Constitutionalizing Three Theories of Disability Discrimination--Disparate Treatment, Reasonable Accommodation, and Integration--Through A Jurisprudential Pluralistic and Constitutional Pluralistic Reading of the Ninth Amendment (Dissertation)

218 Pages Posted: 5 Mar 2021 Last revised: 15 Mar 2022

Date Written: March 4, 2021


This dissertation seeks to answer whether the Constitution of the United States prohibits government entities from committing various types of discrimination against people with disabilities: (1) disparate treatment (2) failure to make reasonable accommodations, alterations, and modifications and (3) failure to properly integrate persons with disabilities, which includes an unjustified institutionalization component. To answer this question, this dissertation will use various well accepted modalities of constitutional analysis first solidified by the constitutional pluralist, Professor Phillip Bobbitt, and continuously used throughout American jurisprudence. As such, the methodology of this dissertation can be said to be socio-legal and legal-historical.

Using the various modalities of constitutional pluralism, this dissertation shows that the Ninth Amendment provides protection for various unwritten rights; and that these rights can be protected under the following rubric:

(1) A plaintiff identifies a putative right with varying degrees of specificity depending on how widely protected or respected the putative right is in the nation;
(2) The plaintiff must then show that the right is generally accepted by the nation—either in its customs or statutes; and
(3) That right must reflect some other principles found in the Constitution or jurisprudence associated with those clauses.

It will be shown that the concepts of discrimination discussed above meet each of these elements. To fully discuss this thesis, this dissertation will be divided into three books.

Book I discusses the history of disability rights. This is done to place disability rights in its proper constitutional and legal-historical context. It will discuss, inter alia, eugenics, institutionalization, and certain views about the concept of “disability” more generally.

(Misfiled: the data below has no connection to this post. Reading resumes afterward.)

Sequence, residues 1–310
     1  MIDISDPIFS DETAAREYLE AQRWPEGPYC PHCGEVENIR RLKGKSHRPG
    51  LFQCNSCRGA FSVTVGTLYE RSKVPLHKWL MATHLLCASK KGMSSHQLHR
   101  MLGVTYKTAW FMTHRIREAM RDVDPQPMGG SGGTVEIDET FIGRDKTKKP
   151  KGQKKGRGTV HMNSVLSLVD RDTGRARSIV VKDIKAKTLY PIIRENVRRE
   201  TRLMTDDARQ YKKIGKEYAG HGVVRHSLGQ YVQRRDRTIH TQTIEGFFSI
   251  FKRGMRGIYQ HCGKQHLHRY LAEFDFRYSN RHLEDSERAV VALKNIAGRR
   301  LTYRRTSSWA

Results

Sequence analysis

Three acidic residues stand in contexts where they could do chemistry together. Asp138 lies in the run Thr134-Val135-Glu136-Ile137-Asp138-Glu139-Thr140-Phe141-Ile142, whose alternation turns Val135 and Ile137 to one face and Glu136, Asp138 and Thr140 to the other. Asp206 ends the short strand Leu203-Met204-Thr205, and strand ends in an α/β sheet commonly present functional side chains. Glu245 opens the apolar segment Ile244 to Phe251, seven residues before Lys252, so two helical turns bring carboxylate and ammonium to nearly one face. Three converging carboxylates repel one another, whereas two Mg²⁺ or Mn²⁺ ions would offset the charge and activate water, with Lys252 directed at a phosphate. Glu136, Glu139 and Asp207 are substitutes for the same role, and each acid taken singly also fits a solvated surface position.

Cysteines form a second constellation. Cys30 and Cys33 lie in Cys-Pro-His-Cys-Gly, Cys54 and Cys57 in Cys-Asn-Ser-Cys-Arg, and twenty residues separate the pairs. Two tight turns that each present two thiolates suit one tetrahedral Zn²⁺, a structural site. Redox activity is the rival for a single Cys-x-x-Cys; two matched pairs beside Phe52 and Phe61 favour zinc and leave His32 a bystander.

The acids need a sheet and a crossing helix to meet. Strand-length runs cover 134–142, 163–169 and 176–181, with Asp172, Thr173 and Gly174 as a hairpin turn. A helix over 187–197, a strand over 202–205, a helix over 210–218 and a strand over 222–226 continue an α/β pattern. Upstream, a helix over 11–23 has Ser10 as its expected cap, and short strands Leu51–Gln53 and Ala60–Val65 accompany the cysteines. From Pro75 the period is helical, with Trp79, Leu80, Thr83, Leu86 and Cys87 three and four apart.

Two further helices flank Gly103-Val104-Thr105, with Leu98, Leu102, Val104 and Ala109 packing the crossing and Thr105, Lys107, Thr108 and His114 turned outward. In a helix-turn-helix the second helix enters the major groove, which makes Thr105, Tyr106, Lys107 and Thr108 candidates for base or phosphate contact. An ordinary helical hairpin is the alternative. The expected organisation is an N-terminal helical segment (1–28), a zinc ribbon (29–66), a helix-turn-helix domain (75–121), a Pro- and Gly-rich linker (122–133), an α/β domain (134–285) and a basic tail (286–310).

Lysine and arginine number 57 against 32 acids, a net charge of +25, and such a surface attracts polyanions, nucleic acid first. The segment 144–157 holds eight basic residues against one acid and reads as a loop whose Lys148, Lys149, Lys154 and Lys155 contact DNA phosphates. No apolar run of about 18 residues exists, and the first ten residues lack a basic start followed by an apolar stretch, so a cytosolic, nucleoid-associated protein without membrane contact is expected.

Book II will discuss the law, the Constitution, and legal interpretation. It will begin with a discussion on analytical jurisprudence and offer a definition of “law” for purposes of this dissertation. It will then conduct an overview of constitutional law; and will examine why courts should interpret the Ninth Amendment the way I suggest above.

Book III will discuss disability rights laws in general, with a heavy focus on the federal Americans with Disabilities Act, which has been replicated throughout the nation. Book III will also apply my Ninth Amendment analysis to the three theories of discrimination discussed above—disparate treatment, reasonable accommodation, and integration. Book III will then offer a discussion as to why these three theories should be constitutionalized through the Ninth Amendment. The first main reason why conditionalization would be beneficial is that while the ADA binds the states and local entities, only a small fraction of the federal government is bound by it. The other two most important reasons why courts should constitutionalize these three theories of disability discrimination relate to congressional power. First, recognizing that these theories are protected by the Constitution, would mean that they cannot be undermined by Congress. This is especially poignant because of recent congressional attempts to undermine certain parts of the ADA. Constitutionalizing these rights, however, would not undermine Congressional power to protect those with disabilities. Rather, such constitutionalizing would actually expand Congressional power under Section 5 of the Fourteenth Amendment. Related to Section 5, constitutionalizing these three theories of disability discrimination would greatly assist in the abrogation of sovereign immunity. Currently, the easiest way to abrogate state sovereign immunity is to find that state action has violated both a federal statute (like the ADA that is based on section 5 of the Fourteenth Amendment) and some constitutional right. At present, disability rights plaintiffs are only protected by rational basis scrutiny, which means abrogation is often difficult, because state action against those with disabilities is likely to pass constitutional muster.

Lastly, Book III will acknowledge that “what the courts give the courts can take away.” Thus, even recognizing that the courts should interpret the Ninth Amendment to protect the three theories of disability discrimination listed above, the same courts could overrule such interpretation. As such, the last portion of Book III will discuss the need for a Constitutional Amendment that explicitly protects people with disabilities, as an alternative to my Ninth Amendment theory.

Suggested Citation

Warden, Derek, Constitutionalizing Three Theories of Disability Discrimination--Disparate Treatment, Reasonable Accommodation, and Integration--Through A Jurisprudential Pluralistic and Constitutional Pluralistic Reading of the Ninth Amendment (Dissertation) (March 4, 2021). Available at SSRN: or

Derek Warden (Contact Author)

Louisiana Supreme Court ( email )

400 Royal Street
New Orleans, LA 70130
United States

Do you have a job opening that you would like to promote on SSRN?

Paper statistics

Abstract Views
PlumX Metrics